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Cinema and Nation considers the ways in which film production and reception are shaped by ideas of national belonging and examines the implications of globalisation for the concept of national cinema.
Ideas of national identity, nationalism and transnationalism are now a central feature of contemporary film studies, as well as primary concerns for film-makers themselves. Embracing a range of national cinemas including Scotland, Poland, France, Turkey, Indonesia, India, Germany and America, Cinema and Nation considers the ways in which film production and reception are shaped by ideas of national belonging and examines the implications of globalisation for the concept of national cinema. In the first three Parts, contributors explore sociological approaches to nationalism, challenge the established definitions of 'national cinema', and consider the ways in which states - from the old Soviet Union to contemporary Scotland - aim to create a national culture through cinema. The final two Parts address the diverse strategies involved in the production of national cinema and consider how images of the nation are used and understood by audiences both at home and abroad.
In China on Screen, Chris Berry and Mary Farquhar, leaders in the field of Chinese film studies, explore more than one hundred years of Chinese cinema and nation. Providing new perspectives on key movements, themes, and filmmakers, Berry and Farquhar analyze the films of a variety of directors and actors, including Chen Kaige, Zhang Yimou, Hou Hsiao Hsien, Bruce Lee, Jackie Chan, Maggie Cheung, Gong Li, Wong Kar-wai, and Ang Lee. They argue for the abandonment of "national cinema" as an analytic tool and propose "cinema and the national" as a more productive framework. With this approach, they show how movies from China, Hong Kong, Taiwan, and the Chinese diaspora construct and contest different ideas of Chinese nation -- as empire, republic, or ethnicity, and complicated by gender, class, style, transnationalism, and more. Among the issues and themes covered are the tension between operatic and realist modes, male and female star images, transnational production and circulation of Chinese films, the image of the good foreigner -- all related to different ways of imagining nation. Comprehensive and provocative, China on Screen is a crucial work of film analysis.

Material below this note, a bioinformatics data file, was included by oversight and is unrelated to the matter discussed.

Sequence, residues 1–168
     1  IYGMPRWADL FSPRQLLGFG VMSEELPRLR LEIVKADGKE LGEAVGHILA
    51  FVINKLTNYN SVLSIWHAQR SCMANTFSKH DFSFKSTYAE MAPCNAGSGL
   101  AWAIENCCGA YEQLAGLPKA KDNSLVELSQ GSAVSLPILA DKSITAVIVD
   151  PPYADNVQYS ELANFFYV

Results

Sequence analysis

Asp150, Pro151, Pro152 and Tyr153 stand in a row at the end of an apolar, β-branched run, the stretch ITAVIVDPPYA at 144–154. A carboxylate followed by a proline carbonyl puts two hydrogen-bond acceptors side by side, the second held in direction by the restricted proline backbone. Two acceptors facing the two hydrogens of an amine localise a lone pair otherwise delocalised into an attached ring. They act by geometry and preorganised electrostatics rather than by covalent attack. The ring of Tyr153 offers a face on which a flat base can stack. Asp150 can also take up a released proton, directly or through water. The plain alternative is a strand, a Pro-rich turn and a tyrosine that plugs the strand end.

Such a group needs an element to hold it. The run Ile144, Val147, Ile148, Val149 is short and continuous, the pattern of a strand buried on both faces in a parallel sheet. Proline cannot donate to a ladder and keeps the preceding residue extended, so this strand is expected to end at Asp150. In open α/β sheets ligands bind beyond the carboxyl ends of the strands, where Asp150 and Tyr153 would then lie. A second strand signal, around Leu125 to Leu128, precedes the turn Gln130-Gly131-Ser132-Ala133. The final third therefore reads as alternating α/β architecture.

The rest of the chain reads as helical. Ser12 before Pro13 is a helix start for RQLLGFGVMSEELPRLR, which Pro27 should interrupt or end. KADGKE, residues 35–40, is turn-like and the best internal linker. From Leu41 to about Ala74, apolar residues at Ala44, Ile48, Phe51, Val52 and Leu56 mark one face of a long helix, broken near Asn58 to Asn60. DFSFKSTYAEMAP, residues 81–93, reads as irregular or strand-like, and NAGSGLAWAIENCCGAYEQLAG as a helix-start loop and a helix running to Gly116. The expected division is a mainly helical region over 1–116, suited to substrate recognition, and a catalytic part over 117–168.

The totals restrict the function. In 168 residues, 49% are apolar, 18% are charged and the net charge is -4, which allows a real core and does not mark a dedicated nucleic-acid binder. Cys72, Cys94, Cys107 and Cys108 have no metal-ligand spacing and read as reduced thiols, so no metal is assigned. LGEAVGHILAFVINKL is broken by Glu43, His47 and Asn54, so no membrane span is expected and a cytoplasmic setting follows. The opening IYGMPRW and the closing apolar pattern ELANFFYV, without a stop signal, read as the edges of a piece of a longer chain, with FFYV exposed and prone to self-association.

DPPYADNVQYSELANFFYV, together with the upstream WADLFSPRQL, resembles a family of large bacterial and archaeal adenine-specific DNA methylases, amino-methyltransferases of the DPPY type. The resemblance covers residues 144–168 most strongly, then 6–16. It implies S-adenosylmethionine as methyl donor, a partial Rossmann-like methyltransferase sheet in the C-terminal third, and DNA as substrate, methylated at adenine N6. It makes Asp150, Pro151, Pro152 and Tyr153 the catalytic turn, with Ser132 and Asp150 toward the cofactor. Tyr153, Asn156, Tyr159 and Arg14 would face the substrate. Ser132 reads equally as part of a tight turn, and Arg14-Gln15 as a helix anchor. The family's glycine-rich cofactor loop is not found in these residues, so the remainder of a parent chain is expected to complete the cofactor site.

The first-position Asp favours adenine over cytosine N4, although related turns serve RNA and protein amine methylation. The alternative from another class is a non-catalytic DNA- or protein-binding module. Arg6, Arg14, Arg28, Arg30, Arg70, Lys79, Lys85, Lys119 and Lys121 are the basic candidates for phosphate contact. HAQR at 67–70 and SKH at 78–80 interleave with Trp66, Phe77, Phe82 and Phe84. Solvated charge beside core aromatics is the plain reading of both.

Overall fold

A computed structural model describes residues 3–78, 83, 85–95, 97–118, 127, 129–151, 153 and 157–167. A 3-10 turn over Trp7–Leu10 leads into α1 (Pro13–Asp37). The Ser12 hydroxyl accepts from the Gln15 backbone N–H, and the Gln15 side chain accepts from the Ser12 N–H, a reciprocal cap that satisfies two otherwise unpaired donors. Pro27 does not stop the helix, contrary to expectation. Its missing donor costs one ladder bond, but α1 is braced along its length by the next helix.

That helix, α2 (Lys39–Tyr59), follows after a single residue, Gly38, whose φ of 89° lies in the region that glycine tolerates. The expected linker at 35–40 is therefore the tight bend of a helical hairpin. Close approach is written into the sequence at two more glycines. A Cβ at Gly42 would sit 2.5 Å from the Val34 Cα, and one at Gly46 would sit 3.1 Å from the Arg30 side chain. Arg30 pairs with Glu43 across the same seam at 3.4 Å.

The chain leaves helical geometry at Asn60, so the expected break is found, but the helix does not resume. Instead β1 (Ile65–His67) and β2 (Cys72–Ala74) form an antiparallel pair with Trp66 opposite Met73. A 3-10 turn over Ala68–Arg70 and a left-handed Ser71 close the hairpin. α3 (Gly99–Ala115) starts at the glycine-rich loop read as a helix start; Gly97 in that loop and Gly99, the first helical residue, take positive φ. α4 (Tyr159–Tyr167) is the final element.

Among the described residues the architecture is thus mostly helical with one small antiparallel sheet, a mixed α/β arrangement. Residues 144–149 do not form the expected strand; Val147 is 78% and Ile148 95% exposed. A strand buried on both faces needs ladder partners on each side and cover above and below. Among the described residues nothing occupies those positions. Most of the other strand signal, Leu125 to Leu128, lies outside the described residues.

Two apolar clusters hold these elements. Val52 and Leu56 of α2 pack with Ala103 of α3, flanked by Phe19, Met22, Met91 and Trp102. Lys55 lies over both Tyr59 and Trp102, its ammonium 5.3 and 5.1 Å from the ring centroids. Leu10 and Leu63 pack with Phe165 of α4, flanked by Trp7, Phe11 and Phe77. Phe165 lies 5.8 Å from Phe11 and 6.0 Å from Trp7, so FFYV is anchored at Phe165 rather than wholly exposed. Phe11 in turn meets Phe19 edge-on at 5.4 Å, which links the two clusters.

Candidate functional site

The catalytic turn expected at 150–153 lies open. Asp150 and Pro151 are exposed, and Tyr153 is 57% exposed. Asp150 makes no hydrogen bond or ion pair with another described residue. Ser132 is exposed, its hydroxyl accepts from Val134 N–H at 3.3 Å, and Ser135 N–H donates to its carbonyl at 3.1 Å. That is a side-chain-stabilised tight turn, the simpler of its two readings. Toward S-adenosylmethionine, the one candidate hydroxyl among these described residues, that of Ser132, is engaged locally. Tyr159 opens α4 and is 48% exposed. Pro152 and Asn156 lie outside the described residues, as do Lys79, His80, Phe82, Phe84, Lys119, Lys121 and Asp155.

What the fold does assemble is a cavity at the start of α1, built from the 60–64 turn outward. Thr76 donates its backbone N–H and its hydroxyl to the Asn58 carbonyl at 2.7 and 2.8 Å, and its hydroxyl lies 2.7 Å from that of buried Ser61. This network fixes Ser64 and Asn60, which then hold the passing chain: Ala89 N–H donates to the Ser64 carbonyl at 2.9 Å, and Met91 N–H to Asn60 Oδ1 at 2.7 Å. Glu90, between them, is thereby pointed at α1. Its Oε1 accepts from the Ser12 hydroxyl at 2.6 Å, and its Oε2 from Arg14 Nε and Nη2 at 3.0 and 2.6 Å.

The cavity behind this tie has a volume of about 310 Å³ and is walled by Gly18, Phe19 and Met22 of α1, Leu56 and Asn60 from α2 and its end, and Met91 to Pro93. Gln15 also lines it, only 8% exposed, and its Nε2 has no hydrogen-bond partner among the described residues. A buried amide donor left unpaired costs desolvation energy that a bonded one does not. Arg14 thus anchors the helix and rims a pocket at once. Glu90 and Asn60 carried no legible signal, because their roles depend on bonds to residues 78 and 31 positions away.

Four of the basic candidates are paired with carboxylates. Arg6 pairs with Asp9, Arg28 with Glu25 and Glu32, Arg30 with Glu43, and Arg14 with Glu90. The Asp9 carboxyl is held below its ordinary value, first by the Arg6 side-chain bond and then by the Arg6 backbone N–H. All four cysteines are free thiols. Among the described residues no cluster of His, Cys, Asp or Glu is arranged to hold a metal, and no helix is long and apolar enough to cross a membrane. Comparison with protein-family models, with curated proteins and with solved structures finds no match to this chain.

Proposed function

"Women Through the Lens will appeal to scholars and students in the fields of film, gender, and Asian studies, and to general readers interested in Chinese cinema."--Jacket.
Although his film career extended from the early days of sound to the British New Wave and beyond, Sir John Mills is nonetheless remembered as the archetypal hero of the Second World War. Regarded as an English 'everyman', his performances crossed the class divide and, in his easy transition from below decks to above, he came to represent a newly democratic masculine ideal.But what was this exemplary masculinity and what became of it in the aftermath of war? John Mills and British Cinema asks how was it possible for an actor to embody national identity and, by exploring the cultural contexts in which Mills and the nation became synonymous, the book offers a new perspective on 40 years of cinema and social change. Through detailed analysis of a wide range of classic British films, John Mills and British Cinema exposes the shifting constructions of 'national' masculinity, arguing that the screen persona of the actor is a fundamental, and often overlooked, dimension of British cinema.
"This thesis provides an historical description and analysis of Labyrinth, the National Film Board of Canada's pavilion at Montreal's Expo 67. The thesis discusses Labyrinth in the context of traditions of multiscreen cinema and immersive artworks; further it relates the pavilion's structure, film content, and role in Expo within the context of Canadian art traditions and the 1967 centennial celebrations. Analysis of the pavilion is grounded in Bruce Elder's treatise on Canadian cinema entitled "The Cinema We Need". The thesis also explains the technological and formal, connections between Labyrinth and the invention of IMAX cinema." --

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